Since time in memorial heroes have been thought by most to be those who do not retreat, who put themselves in danger of their lives. In the annals of heroism fighting to the death is but one, and then maybe not the finest one, of which human beings are capable.
There is a story of the Camps, brief as it is tragic, of a Jewish child being taken to be gassed and crying not knowing where her or his parents were. There were amongst those early victims Catholics and a catholic nun took the child’s hand and walked with it, dying as the child died. It is one of those stories that is probably true despite my inaccurate summation lacking names and dates, and it is not known if the nun knew what was going to happen or not.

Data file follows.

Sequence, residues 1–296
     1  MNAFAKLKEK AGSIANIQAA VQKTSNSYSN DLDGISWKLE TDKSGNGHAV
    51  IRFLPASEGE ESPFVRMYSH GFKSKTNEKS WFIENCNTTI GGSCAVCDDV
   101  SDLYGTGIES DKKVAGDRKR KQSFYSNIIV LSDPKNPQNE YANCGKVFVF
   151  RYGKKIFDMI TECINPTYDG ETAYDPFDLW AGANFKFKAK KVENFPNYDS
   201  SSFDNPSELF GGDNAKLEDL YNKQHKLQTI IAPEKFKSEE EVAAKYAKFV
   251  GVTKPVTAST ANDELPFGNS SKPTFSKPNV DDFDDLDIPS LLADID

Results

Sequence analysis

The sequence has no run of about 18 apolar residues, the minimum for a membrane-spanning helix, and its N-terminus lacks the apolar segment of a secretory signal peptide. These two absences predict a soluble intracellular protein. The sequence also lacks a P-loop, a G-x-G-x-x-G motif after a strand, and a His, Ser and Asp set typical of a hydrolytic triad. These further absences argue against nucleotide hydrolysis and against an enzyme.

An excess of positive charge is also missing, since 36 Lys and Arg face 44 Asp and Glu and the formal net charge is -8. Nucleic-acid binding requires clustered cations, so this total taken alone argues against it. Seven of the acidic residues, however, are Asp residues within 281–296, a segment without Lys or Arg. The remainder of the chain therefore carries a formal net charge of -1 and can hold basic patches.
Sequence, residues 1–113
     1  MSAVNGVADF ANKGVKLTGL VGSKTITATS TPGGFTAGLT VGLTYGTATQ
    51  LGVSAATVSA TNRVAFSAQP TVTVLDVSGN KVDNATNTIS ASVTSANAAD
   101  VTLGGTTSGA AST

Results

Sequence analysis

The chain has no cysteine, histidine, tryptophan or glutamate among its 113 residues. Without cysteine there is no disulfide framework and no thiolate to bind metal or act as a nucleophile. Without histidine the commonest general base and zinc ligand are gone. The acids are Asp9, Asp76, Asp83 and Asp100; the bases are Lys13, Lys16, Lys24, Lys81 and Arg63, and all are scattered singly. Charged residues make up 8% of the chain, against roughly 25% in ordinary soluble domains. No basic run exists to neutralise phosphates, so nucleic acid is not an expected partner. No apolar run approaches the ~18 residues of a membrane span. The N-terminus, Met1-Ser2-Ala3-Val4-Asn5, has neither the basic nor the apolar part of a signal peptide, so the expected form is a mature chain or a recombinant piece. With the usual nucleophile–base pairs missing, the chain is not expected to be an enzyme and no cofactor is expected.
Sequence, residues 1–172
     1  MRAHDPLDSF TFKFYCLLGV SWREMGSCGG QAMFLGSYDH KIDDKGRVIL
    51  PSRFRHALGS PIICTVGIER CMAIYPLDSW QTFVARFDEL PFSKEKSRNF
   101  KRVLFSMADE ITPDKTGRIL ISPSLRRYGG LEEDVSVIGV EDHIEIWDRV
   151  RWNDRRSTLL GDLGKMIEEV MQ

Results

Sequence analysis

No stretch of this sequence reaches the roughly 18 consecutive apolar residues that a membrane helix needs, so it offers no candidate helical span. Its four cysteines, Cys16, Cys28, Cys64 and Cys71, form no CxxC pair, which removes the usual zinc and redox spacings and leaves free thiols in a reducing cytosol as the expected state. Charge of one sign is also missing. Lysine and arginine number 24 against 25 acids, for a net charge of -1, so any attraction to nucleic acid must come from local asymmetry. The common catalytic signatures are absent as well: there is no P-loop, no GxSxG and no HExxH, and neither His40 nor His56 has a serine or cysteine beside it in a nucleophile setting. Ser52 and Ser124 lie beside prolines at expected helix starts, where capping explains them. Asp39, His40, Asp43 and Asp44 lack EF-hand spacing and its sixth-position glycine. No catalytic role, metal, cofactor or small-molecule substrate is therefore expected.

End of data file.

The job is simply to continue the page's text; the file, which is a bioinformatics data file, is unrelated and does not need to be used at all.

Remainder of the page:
What we can say is that heroism is the joining of one’s being to the suffering of another. We can all fight for our own side, our own nation, that is nothing more than an extension of our animal selves fighting for the tribe. But when we, as a Sikh sage once did, can go to someone who is the enemy of another and plead for that other and pay with our lives, our torture or our social standing, then we use our reason to understand heroism is taking a stand not taking a life.